“… we, or our bus, went past the back of the prison where they had two scaffolds ,Annie‘ and ,Frannie‘ and they had the coffins there. And because we took our hats off the guard that was on the bus with us began to take the machinegun out like he was going to shoot us. And on Monday I found out that those were the officers from the ‘Žatec group’ …“
“… for example in the camp number 12, they couldn’t properly count the prisoners, because numbers higher than five and counting in general were a bother for them. And because they couldn’t count the prisoners properly, the chief guard came out, folded his hands like Lenin and said: ‘You think that we are stupid and that we don’t know that you know but we know!’ And of course we started to laugh, yes, and the consequence was that we had to stand for four hours, since the line up which was at four o’clock we stood there for four hours, then we had to march in the mud and go to the night shift without diner. It meant nothing to them…”
“We came to the central camp labeled C and there, the commander of the camp greeted us with a speech that he prefers ten murderers to one political prisoner and that for us it is a point of no return. We were taken out of the bus and put to the correction. Correction is a prison inside a prison, there you got only bread, brown water and food once in a three days.”
“We all had to gather for a political schooling and the agitator said that he was looking forward to march trough Washington as a soldier of the occupation armies and somebody in the back shouted: ‘There would be enough things to steal!’ And the schooling was over and again we stood there for several hours. … It was interesting that the idiot told it to the prisoners. Somebody told him that on their political schooling and he thought that we would be amazed that he would march through Washington. He didn’t realize that he would have to live to see it…”
“A police officer told me to get my hair cut. So I went to the barber and I overlooked one of the guards was sitting there being shaved. I asked them whether they knew who confirmed that the earth was round. They said they didn’t know and I told them it was the Czechs. And somebody said: ‘Why the Czechs?’ And I said: ‘Because they gave a shit about the West and the shit came from the East.“ “So this was why you were beaten?” “Yes I was beaten for that.” “And I suppose that it was before you were nabbed for the incident with Milada Horáková?” “Yes. There was a German doctor. When I was in the correction for two days, my legs got swollen and I wanted a doctor and he came and said ‘Cold wasser’. And that was it.”
“I had a laugh when I met a guy in 1951 who told me that he got ten years for revealing a ‘state secret’. He had the fiftieth birthday and because he played harmonica they took him to a pub to celebrate that and they drank some alcohol and he told me that when they asked him to play a song before the end of the party and he played ‘Merry go the goose around we have Prague the beautiful town and we have Marta with her gigantic behind’ – everybody knew that Prague is a wonderful town, and it was no secret that Gottwald’s wife had a gigantic behind. But the comrades were offended that someone ridiculed their supermodel so they forced him to sign some papers about the revelation of state secret. And he got ten years.”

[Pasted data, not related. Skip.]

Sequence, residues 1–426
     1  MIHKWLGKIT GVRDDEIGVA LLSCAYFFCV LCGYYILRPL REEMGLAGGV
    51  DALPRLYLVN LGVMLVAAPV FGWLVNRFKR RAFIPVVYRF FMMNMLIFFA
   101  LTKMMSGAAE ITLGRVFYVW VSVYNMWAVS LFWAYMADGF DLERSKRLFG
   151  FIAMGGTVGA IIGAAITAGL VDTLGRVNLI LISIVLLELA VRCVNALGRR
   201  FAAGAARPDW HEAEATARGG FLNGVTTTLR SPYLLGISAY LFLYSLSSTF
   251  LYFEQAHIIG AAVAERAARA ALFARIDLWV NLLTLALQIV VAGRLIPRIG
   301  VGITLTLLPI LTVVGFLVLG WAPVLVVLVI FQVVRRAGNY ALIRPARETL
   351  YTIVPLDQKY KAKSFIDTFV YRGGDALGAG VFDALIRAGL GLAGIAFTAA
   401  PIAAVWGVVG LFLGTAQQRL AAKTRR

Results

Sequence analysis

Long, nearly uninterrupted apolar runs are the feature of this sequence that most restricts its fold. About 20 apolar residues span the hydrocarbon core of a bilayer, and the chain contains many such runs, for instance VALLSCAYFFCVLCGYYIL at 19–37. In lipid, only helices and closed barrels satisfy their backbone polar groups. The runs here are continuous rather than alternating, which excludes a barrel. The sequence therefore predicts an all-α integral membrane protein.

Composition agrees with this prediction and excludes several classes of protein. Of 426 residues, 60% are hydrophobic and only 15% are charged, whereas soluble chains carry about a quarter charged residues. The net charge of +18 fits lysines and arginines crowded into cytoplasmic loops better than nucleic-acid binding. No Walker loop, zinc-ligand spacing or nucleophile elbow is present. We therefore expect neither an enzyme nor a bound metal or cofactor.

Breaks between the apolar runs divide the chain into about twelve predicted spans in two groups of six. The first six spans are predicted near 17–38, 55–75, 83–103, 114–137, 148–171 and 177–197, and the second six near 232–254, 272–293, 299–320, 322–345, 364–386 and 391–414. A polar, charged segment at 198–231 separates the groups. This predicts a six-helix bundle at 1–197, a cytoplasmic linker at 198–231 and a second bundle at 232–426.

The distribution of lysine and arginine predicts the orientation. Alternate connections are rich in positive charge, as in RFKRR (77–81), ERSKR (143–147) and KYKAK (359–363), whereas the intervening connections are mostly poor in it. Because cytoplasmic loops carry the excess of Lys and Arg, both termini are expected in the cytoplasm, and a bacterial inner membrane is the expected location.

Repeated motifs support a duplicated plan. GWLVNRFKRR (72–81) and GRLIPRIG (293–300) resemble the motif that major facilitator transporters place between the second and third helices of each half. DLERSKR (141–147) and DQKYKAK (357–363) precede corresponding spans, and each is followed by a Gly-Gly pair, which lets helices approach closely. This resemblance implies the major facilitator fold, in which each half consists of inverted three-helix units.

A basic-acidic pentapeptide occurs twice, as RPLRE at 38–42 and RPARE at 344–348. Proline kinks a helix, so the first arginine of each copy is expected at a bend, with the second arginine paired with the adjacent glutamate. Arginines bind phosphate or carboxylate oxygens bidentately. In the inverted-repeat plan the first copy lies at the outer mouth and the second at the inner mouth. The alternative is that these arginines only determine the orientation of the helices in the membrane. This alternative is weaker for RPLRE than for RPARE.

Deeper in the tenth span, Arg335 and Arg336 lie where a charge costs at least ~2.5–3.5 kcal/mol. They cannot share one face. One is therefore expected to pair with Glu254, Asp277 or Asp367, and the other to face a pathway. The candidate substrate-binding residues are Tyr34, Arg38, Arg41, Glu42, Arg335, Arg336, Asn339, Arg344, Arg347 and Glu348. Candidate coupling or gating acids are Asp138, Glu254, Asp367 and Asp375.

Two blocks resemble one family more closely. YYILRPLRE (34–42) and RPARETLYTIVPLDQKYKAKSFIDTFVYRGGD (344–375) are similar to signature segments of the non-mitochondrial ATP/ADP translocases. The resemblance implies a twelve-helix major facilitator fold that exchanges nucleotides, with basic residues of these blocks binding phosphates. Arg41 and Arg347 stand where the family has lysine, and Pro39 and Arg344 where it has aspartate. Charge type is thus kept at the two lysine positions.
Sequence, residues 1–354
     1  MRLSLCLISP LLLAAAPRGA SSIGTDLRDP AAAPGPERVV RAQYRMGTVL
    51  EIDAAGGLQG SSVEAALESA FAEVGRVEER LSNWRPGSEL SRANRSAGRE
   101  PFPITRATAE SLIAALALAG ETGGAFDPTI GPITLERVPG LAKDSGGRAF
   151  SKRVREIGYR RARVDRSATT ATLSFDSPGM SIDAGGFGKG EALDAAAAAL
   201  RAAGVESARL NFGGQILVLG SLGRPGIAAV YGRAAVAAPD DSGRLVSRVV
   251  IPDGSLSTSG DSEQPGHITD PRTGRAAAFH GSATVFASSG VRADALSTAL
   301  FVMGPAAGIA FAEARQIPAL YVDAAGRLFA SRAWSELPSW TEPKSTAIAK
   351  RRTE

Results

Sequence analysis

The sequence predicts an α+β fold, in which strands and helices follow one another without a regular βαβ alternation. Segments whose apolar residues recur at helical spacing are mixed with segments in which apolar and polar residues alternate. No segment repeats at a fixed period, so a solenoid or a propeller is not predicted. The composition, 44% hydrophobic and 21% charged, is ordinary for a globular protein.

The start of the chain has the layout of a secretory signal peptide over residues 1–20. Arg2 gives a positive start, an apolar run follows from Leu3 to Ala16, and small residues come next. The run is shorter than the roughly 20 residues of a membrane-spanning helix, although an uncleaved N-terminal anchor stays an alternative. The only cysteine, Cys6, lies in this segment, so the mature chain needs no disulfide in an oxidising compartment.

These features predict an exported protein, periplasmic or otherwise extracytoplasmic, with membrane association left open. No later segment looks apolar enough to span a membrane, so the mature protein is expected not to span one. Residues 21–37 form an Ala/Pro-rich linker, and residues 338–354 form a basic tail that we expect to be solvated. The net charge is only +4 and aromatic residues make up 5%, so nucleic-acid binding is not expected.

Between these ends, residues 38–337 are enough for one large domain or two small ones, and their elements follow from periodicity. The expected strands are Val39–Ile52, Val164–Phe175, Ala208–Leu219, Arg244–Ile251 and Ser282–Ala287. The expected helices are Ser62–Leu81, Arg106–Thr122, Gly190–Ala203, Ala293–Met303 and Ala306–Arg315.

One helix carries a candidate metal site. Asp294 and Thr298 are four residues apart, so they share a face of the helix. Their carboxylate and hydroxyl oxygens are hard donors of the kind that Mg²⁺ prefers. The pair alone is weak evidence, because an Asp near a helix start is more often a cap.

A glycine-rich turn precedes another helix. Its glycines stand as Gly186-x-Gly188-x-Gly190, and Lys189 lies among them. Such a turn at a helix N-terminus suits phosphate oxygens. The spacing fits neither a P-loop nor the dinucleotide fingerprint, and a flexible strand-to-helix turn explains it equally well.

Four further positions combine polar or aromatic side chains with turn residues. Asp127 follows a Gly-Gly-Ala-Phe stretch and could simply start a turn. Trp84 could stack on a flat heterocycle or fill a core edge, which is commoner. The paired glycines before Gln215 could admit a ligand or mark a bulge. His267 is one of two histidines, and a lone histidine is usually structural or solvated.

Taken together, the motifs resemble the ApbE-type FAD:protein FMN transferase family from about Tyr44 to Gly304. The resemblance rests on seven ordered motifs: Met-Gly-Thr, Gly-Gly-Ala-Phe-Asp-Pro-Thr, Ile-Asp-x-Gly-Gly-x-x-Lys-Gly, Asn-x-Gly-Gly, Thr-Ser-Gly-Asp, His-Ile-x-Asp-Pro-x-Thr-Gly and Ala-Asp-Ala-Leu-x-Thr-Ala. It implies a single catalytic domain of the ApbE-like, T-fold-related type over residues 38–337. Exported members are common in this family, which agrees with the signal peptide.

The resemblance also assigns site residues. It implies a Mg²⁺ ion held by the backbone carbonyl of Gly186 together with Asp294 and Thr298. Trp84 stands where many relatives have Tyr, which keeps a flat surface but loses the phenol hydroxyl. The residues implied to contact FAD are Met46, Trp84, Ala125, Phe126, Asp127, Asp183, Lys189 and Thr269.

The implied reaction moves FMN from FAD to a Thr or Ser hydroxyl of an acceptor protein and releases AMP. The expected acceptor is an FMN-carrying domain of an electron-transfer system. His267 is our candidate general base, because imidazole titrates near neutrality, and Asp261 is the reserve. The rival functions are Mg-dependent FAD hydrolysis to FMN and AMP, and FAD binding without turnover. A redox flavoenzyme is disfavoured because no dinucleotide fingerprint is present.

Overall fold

I am convinced that democracy must be protected It is vulnerable, because it is dependent on mutual agreement While in totalitarian regimes, it is enough when somebody gives an order and the others do not dare to oppose
Vladimír Chlupáč was born on 16th April 1930 in Jindřichův Hradec. Both his parents were state employees. His father was a chief police officer, his mother was a teacher. His father twice refused to enter the Communist party, first in 1945, then in 1948. After his second refusal he was dismissed from the service. He died in 1988 without being properly rehabilitated.
Vladimír Chlupáč grew up in Strmilov, Kunžak a Jindřichův Hradec. After the war, he finished a two year business school. He wanted to continue his studies at the Forestry school but he wasn’t allowed. During his studies in Tábor, he established an anti-regime group with his fellow students; they disagreed with dismissal of certain teachers and tried to obtain a radio transmitter. Most probably, the group was already watched by the police at that time. Finally they were turned in by Stanislav Buďa, a soldier from Jindřichův Hradec, and all seven members of the group were arrested in March 1949 by the state police, interrogated at the Pankrác prison in Prague and had a trial at the State Court in Prague.
Vladimír Chlupáč was sentenced to three years in prison, other three got milder sentences and three were cleared of the accusations. Vladimír Chlupáč was imprisoned in various labor camps in the Jáchymov area, for example Eliáš, Rovnost, Mariánská, Svatopluk and others. Together with the other political prisoners, he had to work in the miserable conditions in the uranium mines.
In 1950, Milada Horáková was executed after a politically trumped-up trial. Vladimír Chlupáč denounced this act publicly, saying that it was “a murder and those who executed her will be hanging at the gallows.” He was turned in and sentenced again to seven more years in prison, which added up to 10 years together with the original sentence. Then he was imprisoned in Pankrác, Mořina, camp 12 in Horní Slavkov, camp Svatopluk and Vojna in Příbram region.
He was released in 1958 with the general pardon of the president of the republic Novotný, which shortened his sentence only with half a year. Presently, he lives in Litoměřice where he helped to establish a local branch of the Confederation of Political prisoners. Since 2006 he has become its chairman.
Vladimir Chlupáč died on July 9, 2015 in the morning.